Author Archives: Andrea R Huelsenbeck

About Andrea R Huelsenbeck

Andrea R Huelsenbeck is a wife, a mother of five and a former elementary general music teacher. A freelance writer in the 1990s, her nonfiction articles and book reviews appeared in Raising Arizona Kids, Christian Library Journal, and other publications. She is currently working on a young adult mystical fantasy novel and a mystery.

In the Meme Time: Artist

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In the Meme Time: Artist

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Diamond Ring and Christmas by Betty Mason Arthurs

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Thanks to Betty Mason Arthurs for this story of love and loss and Christmas joy.

Doing Life Together

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Diamond Ring and Christmas

by

Betty Mason Arthurs

Christmas time brings both happy and painful memories. Today, I share one of a father’s love and his gift.

A father kept a memorable gift tucked away in the top drawer of his dresser. Among his extra keys, spare change, combs and handkerchiefs nestled, like delicate eggs in a nest, a small blue velvet box. David often touched the box and then opened it to gaze at the beautiful diamond ring, a gift for his lovely daughter.

His daughter was the sunshine in his life. It’s not often parents give birth to a selfless child who loved them “to the moon and back” even after she married. Marcy gave them a delicate granddaughter and handsome grandson. She and her family lived close by and every visit overflowed with her love and concern for her parents.

Marcy would turn 30 years in May…

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Video of the Week #128: Tumbling Toy Soldiers

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Video of the Week #128: Tumbling Toy Soldiers

Yoga (a poem)

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Inspired by a Wild Whimzy Writing Prompt:

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One with nature
I lift my face to the warmth of the sun
My back arches
My knee bends; my toes point upward
My aching muscles stretch and loosen
Hold; reach a little farther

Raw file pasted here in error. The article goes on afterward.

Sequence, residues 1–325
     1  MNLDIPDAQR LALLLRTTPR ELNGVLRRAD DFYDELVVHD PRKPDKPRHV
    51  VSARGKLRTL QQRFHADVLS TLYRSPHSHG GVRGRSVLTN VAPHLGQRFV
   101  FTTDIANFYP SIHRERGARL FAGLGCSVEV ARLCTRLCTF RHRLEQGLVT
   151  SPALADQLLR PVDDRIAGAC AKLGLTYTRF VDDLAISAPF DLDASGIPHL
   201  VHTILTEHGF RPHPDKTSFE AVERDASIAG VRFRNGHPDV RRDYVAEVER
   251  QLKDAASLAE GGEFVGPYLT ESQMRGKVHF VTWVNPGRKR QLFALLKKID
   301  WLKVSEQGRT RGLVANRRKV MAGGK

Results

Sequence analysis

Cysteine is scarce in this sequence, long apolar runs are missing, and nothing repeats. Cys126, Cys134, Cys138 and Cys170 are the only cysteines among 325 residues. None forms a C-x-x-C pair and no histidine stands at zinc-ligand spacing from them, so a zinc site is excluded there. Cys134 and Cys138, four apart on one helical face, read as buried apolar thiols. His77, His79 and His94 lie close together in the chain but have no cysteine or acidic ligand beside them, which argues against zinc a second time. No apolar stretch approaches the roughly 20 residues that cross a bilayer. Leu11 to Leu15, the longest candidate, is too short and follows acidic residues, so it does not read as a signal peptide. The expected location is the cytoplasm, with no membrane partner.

Release and relax

Wordless Wednesday/ Flower of the Day: Blue Bells

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My offering for Cee’s Flower of the Day challenge.

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#DC345 Christmas Star

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My offering for the Diva Challenge. Patterns are printemps, cadent, paradox, ahh, and variations of luv-a, cool ‘sista, Dutch hourglass, and nipa.

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How to Get Through Christmas When You’re Depressed

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This article first appeared on Doing Life Together.

Shortly after Carly, my first child, turned a year old, we discovered I was pregnant again. After the initial shock, Greg and I were delighted, looking forward to a new baby in January, and joking that we hoped he or she would come in December, so we’d have an extra tax deduction.

But after a few months, our delight turned into concern. I never felt the baby move. The doctor could never find the baby’s heartbeat.

At my 20-week checkup, the baby measured slightly smaller than the month before. My little one was dead, and my body had started reabsorbing him/her. Despite my request for a Caesarian delivery or an induction, I was advised it would be safer for me to just wait and let nature take its course.

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In the meantime, I still looked pregnant. That meant that when I went grocery shopping or took Carly to the park, people commented on my coming blessed event. Not wanting to explain what had really happened to casual acquaintances and perfect strangers, I accepted their good wishes with a smile and a nod, though I was crying inside. Two weeks later I went into labor, and delivered in a hospital room. I chose not to see my baby; he or she will always be an anonymous angel to me.